Female genital mutilation and other harmful practices
Health consequences of female genital mutilation
Infertility after female genital mutilation (FGM) in childhood
A hospital in Khartoum, Sudan, was the location for this case-control study of 99 infertile women under 35 years of age. All the women had had regular sexual intercourse during the previous two years, had never been pregnant, and had never used an intrauterine device or hormonal contraceptives. It was ascertained that none of the women’s infertility was due to hormonal factors or previous surgery, or to the infertility of their male partners. A control group consisted of 180 women expecting their first baby and receiving antenatal care.
Each of the 99 infertile women underwent diagnostic laparoscopy: 48 had adnexal pathology that indicated previous inflammation, one was inconclusive due to a large fibroid that made inspection impossible, and the rest showed no pathological features. Thirty of the 48 abnormal laparoscopies showed bilateral tubal blockage while the rest showed either unilateral blockages or adhesions.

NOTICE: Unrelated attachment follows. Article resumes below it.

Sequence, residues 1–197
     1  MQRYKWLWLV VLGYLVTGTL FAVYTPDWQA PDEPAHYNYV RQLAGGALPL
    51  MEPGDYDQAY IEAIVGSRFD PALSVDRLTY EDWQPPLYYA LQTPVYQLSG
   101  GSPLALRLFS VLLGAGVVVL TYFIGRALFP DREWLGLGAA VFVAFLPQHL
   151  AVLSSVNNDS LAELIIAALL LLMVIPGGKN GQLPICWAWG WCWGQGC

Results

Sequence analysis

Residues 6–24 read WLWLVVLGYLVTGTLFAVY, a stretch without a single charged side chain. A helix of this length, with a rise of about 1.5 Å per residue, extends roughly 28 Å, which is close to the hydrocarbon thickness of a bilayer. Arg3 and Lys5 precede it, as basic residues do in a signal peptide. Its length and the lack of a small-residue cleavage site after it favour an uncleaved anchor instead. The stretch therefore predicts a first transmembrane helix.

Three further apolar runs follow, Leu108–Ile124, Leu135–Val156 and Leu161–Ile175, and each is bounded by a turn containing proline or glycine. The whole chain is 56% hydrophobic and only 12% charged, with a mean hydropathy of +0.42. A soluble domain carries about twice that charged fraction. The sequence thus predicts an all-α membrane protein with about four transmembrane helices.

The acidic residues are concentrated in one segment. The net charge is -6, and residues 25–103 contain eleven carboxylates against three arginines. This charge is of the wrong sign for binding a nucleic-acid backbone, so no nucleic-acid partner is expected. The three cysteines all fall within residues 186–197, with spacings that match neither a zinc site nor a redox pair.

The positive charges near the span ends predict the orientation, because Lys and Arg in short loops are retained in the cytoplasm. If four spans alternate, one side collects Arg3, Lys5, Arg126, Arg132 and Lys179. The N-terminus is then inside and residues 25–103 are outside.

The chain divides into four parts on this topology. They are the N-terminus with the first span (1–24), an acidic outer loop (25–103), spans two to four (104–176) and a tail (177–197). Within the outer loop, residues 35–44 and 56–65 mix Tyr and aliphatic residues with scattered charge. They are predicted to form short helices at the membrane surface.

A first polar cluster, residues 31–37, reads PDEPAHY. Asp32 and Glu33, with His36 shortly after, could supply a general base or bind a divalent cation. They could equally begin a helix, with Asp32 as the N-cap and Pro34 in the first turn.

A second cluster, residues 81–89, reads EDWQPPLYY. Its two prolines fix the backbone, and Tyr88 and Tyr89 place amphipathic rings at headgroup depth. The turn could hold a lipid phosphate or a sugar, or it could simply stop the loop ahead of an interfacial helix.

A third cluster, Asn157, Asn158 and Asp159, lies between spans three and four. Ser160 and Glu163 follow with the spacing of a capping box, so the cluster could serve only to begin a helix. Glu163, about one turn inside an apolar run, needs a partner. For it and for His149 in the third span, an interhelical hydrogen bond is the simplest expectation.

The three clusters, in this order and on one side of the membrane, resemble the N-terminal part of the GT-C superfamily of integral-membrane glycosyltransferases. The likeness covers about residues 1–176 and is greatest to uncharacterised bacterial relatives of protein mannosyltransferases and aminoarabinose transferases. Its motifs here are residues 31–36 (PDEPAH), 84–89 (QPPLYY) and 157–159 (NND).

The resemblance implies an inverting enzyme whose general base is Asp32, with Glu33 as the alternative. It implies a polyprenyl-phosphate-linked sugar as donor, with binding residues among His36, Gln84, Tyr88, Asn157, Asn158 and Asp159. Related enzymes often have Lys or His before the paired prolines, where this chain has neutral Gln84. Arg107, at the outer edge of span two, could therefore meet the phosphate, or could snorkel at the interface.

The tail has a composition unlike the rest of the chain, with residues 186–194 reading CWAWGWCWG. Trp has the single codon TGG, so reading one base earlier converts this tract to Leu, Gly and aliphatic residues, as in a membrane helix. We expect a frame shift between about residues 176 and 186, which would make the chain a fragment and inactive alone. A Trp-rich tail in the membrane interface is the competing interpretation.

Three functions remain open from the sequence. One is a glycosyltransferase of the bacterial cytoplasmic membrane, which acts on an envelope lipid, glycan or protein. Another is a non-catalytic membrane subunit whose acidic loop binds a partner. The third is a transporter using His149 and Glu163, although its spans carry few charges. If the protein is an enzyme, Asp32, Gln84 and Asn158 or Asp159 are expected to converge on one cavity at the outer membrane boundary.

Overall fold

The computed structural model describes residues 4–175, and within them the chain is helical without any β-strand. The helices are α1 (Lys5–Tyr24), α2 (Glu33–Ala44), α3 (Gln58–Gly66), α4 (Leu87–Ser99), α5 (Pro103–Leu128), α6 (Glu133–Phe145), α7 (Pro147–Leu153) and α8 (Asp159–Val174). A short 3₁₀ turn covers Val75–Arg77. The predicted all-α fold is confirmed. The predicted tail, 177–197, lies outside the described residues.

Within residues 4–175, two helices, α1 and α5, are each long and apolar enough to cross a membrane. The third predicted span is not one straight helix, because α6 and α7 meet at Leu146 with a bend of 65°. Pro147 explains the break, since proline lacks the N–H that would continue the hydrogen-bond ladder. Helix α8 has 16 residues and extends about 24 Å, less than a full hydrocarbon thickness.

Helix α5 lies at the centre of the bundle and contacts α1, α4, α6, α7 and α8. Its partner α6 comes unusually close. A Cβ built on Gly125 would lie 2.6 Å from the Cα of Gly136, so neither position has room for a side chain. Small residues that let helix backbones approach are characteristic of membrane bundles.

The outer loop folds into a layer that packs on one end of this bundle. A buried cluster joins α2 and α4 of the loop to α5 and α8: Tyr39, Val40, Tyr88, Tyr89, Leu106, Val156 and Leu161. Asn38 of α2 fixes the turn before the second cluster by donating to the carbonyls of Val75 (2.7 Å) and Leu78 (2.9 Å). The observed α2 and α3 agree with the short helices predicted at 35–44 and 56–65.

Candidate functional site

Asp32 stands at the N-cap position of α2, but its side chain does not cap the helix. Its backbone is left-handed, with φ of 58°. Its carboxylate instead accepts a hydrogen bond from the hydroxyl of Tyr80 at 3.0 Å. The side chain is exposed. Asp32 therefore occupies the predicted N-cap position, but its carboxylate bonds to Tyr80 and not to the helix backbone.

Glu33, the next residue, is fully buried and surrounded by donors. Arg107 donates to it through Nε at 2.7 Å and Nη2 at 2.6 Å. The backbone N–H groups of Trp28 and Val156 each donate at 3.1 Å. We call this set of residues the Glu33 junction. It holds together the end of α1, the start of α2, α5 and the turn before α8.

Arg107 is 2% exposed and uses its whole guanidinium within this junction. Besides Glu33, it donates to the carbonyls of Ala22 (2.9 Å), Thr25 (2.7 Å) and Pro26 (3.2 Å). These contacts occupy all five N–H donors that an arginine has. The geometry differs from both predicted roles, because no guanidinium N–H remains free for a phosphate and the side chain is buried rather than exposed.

Most of the infertile women and most of those in the control group had undergone some form of FGM. The researchers concluded that women with primary infertility were significantly more likely to have undergone the most extensive form of FGM (involving labia majora) than the controls. There were too few women without FGM (two cases and five controls) to allow for a comparison with them.
1. Almroth L, Elmusharaf S, El Hadi N, et al. Primary infertility after genital mutilation in girlhood in Sudan: a case-control study. Lancet 2005; 366(9483): 385-391.